A String Representation of Distinguished Names
RFC 1779

Document Type RFC - Historic (March 1995; No errata)
Obsoleted by RFC 3494, RFC 2253
Obsoletes RFC 1485
Last updated 2013-03-02
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This information refers to IESG processing after the RFC was initially published:
IESG IESG state RFC 1779 (Historic)
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Send notices to <ammar@cc.gatech.edu>, <rrt@bellcore.com>
Network Working Group                                           S. Kille
Request for Comments: 1779                              ISODE Consortium
Obsoletes: 1485                                               March 1995
Category: Standards Track

             A String Representation of Distinguished Names

Status of this Memo

   This document specifies an Internet standards track protocol for the
   Internet community, and requests discussion and suggestions for
   improvements.  Please refer to the current edition of the "Internet
   Official Protocol Standards" (STD 1) for the standardization state
   and status of this protocol.  Distribution of this memo is unlimited.

Abstract

   The OSI Directory uses distinguished names as the primary keys to
   entries in the directory.  Distinguished Names are encoded in ASN.1.
   When a distinguished name is communicated between to users not using
   a directory protocol (e.g., in a mail message), there is a need to
   have a user-oriented string representation of distinguished name.
   This specification defines a string format for representing names,
   which is designed to give a clean representation of commonly used
   names, whilst being able to represent any distinguished name.

Table of Contents

   1.   Why a notation is needed ...................................   2
   2.   A notation for Distinguished Name ..........................   2
       2.1    Goals ................................................   2
       2.2    Informal definition ..................................   2
       2.3    Formal definition ....................................   4
   3.   Examples ...................................................   6
   4.   Acknowledgements ...........................................   7
   5.   References .................................................   7
   6.   Security Considerations ....................................   8
   7.   Author's Address ...........................................   8

Kille                                                           [Page 1]
RFC 1779                   DN Representation                  March 1995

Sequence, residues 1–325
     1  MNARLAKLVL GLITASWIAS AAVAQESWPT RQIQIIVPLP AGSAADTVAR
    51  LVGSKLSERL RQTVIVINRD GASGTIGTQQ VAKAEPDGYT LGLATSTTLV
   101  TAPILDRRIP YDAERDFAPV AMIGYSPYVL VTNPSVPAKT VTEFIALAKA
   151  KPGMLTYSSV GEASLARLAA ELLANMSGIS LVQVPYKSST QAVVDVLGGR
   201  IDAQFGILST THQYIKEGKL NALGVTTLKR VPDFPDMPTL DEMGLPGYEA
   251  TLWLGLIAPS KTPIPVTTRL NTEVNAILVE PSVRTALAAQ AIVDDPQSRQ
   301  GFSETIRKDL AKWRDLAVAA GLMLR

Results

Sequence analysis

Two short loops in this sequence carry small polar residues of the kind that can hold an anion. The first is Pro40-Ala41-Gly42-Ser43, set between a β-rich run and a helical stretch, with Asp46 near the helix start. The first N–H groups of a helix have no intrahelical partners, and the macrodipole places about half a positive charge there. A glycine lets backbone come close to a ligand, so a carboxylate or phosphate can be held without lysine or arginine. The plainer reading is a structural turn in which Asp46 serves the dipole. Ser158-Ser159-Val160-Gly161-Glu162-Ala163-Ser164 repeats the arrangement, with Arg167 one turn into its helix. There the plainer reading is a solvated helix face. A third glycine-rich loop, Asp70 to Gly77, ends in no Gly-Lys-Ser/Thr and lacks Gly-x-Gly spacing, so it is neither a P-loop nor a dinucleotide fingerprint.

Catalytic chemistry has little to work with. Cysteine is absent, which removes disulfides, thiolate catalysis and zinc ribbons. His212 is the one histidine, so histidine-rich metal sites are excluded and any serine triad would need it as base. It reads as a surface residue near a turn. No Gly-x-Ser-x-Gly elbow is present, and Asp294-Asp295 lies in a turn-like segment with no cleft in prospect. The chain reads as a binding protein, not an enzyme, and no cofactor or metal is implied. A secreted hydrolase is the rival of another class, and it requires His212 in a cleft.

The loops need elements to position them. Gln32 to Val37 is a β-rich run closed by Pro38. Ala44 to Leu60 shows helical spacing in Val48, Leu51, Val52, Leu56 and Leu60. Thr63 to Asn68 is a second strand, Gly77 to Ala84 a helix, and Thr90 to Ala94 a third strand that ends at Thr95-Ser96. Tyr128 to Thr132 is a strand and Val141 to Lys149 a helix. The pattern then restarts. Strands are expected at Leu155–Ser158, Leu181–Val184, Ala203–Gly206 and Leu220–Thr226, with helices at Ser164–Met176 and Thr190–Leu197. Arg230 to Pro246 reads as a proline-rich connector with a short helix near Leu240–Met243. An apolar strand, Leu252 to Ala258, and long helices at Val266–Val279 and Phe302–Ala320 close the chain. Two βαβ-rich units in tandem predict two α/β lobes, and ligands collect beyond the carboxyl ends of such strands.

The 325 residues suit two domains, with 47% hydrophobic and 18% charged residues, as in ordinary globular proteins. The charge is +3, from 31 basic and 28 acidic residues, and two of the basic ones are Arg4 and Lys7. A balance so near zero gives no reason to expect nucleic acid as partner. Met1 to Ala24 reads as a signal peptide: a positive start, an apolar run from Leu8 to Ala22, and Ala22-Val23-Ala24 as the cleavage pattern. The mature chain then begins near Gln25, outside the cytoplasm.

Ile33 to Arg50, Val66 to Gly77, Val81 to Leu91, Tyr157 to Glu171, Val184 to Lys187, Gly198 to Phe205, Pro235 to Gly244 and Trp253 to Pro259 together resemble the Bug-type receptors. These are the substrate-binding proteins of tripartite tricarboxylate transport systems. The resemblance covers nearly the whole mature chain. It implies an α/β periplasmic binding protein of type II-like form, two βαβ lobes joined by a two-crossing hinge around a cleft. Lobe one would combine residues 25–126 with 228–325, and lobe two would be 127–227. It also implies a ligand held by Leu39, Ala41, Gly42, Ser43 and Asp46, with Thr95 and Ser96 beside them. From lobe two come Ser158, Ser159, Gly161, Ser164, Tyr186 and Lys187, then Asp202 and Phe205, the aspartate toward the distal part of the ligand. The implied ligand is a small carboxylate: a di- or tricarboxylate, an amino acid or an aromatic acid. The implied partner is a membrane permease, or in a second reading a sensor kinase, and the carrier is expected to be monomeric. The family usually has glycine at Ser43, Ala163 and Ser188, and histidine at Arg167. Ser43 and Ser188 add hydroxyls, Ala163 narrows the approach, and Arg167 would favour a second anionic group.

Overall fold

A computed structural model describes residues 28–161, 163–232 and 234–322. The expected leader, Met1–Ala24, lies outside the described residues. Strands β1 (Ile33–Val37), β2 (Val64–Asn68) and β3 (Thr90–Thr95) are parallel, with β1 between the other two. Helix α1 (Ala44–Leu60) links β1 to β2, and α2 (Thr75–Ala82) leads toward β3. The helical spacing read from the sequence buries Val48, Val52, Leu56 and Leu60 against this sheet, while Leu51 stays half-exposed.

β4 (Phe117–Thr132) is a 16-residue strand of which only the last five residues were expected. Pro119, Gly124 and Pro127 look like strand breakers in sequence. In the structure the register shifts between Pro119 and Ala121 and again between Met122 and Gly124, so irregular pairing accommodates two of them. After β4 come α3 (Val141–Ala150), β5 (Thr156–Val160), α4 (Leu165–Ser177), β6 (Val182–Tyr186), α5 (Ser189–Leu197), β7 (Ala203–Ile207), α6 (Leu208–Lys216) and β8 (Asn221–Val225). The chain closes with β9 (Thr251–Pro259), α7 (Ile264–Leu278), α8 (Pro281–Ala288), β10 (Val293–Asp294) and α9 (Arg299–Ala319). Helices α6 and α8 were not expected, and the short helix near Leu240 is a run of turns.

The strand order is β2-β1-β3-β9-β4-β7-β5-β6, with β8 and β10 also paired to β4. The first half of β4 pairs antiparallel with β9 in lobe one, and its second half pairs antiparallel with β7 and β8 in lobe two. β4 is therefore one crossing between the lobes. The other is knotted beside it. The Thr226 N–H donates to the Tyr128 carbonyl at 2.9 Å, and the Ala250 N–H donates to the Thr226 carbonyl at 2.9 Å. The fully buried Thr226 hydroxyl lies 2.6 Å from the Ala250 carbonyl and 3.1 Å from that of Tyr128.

1.  Why a notation is needed

   Many OSI Applications make use of Distinguished Names (DN) as defined
   in the OSI Directory, commonly known as X.500 [1].  This
   specification assumes familiarity with X.500, and the concept of
   Distinguished Name.  It is important to have a common format to be
   able to unambiguously represent a distinguished name.  This might be
   done to represent a directory name on a business card or in an email
   message.  There is a need for a format to support human to human
   communication, which must be string based (not ASN.1) and user
   oriented.  This notation is targeted towards a general user oriented
   system, and in particular to represent the names of humans.  Other
   syntaxes may be more appropriate for other uses of the directory.
   For example, the OSF Syntax may be more appropriate for some system
   oriented uses.  (The OSF Syntax uses "/" as a separator, and forms
   names in a manner intended to resemble UNIX filenames).

2.  A notation for Distinguished Name

2.1  Goals

   The following goals are laid out:

    o  To provide an unambiguous representation of a distinguished name

    o  To be an intuitive format for the majority of names

    o  To be fully general, and able to represent any distinguished name

    o  To be amenable to a number of different layouts to achieve an
       attractive representation.

    o  To give a clear representation of the contents of the
       distinguished name

2.2  Informal definition

   This notation is designed to be convenient for common forms of name.
   Some examples are given.  The author's directory distinguished name
   would be written:

   CN=Steve Kille,
   O=ISODE Consortium, C=GB

Kille                                                           [Page 2]
RFC 1779                   DN Representation                  March 1995

   This may be folded, perhaps to display in multi-column format.  For
   example:

   CN=Steve Kille,
   O=ISODE Consortium,
   C=GB

   Another name might be:

   CN=Christian Huitema, O=INRIA, C=FR

   Semicolon (";") may be used as an alternate separator.  The
   separators may be mixed, but this usage is discouraged.

   CN=Christian Huitema; O=INRIA; C=FR

   In running text, this would be written as <CN=Christian Huitema;
   O=INRIA; C=FR>.  Another example, shows how different attribute types
   are handled:

   CN=James Hacker,
   L=Basingstoke,
   O=Widget Inc,
   C=GB

   Here is an example of a multi-valued Relative Distinguished Name,
   where the namespace is flat within an organisation, and department is
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